From Robert Dreyfuss, contributor to Rolling Stone and The Nation, and author of Devil's Game: How the United States Helped Unleash Fundamentalist Islam

"Chas Freeman laces his brilliant, agonizingly detailed account of the slow-motion train wreck that is U.S. policy in the Middle East over the past ten years with plentiful dollops of humor and irony. A long-time senior diplomat, Freeman brings to bear the experience gained from decades as a not-so-innocent American abroad, relentlessly skewering the ignorance and arrogance behind America’s misguided invasion of Iraq, its ever-expanding war in Afghanistan, its willful blindness to the Palestinian tragedy at the hands of the Israeli far right, and its own faux-imperial pretensions. If you don’t know whether to laugh or cry about America’s bungling and ineptitude in this all-important region, you’re certain to do both reading Freeman’s rueful and iconoclastic narrative."

From Jessica Matthews, President of the Carnegie Endowment for International Peace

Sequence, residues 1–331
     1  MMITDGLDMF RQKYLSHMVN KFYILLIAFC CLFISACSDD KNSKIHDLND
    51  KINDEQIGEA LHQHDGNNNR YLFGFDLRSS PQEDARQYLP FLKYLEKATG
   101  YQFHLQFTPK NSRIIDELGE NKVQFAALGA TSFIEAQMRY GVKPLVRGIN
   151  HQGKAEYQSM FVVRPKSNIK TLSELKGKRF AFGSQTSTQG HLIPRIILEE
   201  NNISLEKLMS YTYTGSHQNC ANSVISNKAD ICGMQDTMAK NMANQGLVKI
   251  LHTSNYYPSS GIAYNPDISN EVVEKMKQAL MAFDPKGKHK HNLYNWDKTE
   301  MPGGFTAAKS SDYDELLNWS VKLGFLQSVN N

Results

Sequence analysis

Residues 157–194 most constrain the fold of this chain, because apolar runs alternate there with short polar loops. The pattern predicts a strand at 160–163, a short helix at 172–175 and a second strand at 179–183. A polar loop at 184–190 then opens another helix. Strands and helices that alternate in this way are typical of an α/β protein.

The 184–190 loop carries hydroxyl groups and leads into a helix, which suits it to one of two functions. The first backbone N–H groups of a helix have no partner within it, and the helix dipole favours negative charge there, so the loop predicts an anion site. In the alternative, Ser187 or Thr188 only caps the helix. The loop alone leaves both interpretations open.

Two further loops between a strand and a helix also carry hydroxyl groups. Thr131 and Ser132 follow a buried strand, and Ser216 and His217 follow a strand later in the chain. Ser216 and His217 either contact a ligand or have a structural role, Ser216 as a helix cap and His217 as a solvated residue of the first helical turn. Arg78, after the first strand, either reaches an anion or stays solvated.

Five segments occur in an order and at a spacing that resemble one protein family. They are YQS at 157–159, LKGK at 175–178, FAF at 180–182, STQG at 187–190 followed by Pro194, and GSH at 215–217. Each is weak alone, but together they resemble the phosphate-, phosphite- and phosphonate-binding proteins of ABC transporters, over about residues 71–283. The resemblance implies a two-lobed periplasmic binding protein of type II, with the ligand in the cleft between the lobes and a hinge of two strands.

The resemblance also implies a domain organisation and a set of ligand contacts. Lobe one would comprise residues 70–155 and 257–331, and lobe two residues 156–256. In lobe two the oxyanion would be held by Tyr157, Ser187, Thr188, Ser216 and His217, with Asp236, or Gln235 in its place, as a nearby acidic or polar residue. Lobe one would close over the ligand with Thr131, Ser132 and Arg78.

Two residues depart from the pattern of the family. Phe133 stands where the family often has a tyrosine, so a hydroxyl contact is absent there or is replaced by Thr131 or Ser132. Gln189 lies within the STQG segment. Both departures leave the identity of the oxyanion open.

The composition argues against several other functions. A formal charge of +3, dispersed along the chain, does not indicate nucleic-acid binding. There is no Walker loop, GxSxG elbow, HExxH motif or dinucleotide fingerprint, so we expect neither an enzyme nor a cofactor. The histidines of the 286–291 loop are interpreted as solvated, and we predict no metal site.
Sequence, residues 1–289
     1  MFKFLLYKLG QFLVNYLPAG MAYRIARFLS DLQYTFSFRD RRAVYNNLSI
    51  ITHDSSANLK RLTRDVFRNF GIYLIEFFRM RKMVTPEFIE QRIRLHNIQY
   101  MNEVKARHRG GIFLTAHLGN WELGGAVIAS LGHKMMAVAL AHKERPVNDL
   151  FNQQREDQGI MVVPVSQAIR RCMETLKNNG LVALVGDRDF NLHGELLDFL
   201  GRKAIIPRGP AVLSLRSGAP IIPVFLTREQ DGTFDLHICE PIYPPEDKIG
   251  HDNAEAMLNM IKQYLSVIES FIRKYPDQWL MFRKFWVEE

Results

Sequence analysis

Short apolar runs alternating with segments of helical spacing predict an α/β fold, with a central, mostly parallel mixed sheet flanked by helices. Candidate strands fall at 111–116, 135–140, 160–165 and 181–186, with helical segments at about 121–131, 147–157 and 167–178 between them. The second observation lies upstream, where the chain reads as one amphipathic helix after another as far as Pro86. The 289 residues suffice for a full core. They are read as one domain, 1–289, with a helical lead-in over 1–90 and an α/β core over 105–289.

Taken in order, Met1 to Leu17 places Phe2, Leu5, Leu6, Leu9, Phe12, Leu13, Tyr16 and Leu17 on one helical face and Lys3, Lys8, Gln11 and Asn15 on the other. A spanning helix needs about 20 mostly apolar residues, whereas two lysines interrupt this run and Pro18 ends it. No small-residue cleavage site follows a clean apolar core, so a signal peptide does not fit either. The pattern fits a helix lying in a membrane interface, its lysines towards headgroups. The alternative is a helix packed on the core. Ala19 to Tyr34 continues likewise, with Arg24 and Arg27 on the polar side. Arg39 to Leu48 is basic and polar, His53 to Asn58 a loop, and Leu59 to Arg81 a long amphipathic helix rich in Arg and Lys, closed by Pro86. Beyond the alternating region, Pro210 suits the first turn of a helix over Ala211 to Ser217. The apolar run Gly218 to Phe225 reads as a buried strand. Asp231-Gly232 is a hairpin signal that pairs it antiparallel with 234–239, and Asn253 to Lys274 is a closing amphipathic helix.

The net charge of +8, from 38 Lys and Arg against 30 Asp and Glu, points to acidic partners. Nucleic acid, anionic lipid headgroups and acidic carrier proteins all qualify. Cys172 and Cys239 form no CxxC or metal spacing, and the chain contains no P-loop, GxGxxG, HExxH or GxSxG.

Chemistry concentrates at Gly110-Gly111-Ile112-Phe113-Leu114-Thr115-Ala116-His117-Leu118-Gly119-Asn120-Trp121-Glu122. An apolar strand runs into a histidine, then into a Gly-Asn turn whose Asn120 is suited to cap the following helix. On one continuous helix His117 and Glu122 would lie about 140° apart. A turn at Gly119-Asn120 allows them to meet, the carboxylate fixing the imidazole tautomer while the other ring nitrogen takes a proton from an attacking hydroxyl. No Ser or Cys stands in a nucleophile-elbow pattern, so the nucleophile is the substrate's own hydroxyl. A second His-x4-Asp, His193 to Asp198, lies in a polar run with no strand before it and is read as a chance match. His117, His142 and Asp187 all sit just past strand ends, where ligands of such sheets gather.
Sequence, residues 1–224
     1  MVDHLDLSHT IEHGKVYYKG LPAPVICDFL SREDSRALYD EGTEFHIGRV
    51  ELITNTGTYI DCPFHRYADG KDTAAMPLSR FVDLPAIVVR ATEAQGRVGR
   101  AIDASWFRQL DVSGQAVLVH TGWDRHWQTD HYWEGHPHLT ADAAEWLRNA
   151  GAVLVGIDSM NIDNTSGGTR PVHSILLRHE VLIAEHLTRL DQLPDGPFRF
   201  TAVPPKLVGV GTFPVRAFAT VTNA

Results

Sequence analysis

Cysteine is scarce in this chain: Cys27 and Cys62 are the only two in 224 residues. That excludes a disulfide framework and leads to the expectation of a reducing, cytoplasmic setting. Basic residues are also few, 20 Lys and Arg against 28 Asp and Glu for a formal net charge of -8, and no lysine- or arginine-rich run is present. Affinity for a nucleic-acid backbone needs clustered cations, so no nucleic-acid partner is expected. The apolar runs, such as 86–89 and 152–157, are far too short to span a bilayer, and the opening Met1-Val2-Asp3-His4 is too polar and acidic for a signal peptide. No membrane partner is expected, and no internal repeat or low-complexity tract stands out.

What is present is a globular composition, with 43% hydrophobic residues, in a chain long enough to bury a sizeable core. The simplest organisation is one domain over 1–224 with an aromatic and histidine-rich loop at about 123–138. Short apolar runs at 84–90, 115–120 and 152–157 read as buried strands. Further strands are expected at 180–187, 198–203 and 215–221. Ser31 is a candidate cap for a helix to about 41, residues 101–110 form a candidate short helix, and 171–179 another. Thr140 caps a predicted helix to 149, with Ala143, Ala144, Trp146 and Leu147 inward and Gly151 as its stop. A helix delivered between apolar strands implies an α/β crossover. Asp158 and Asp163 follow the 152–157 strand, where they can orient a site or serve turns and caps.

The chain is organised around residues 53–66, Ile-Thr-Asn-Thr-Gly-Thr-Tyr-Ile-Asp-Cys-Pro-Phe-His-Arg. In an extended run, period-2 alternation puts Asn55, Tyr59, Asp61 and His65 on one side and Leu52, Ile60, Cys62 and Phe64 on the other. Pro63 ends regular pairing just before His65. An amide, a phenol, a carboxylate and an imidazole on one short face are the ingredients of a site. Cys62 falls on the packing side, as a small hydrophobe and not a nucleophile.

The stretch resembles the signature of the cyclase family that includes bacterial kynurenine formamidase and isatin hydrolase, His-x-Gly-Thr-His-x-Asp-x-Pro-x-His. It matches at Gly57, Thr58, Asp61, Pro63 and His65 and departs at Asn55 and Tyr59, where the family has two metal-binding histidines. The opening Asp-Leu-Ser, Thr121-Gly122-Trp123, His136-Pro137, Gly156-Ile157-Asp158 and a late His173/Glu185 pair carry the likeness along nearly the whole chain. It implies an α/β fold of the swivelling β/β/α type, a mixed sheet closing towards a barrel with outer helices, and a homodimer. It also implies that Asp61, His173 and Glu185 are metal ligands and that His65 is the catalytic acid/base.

"Behind any successful foreign policy lies fierce clarity about national interest, honesty to see the interests of others, and the sophisticated statecraft that can bring the two together. No diplomat of his generation has a finer intelligence, a better ear to listen, as great a willingness to pierce self-deception or as gifted a pen as Chas Freeman. Insight leaps from every page of this remarkable volume."

From Hon. Thomas R. Pickering, former Under Secretary of State for Political Affairs; Ambassador to Jordan, Israel and the United Nations

“Chas Freeman’s collected speeches and essays will bring you new and stimulating insights into the Middle East from 1990 to the present - from Kuwait to Afghanistan. He is a master of the apt and well-turned phrase - a delight to read. You probably will not agree with every word you read here, but you ought to read every word to understand the challenges and opportunities for American foreign policy.”

From M.J. Rosenberg, veteran political commentator, now with Media Matters for America: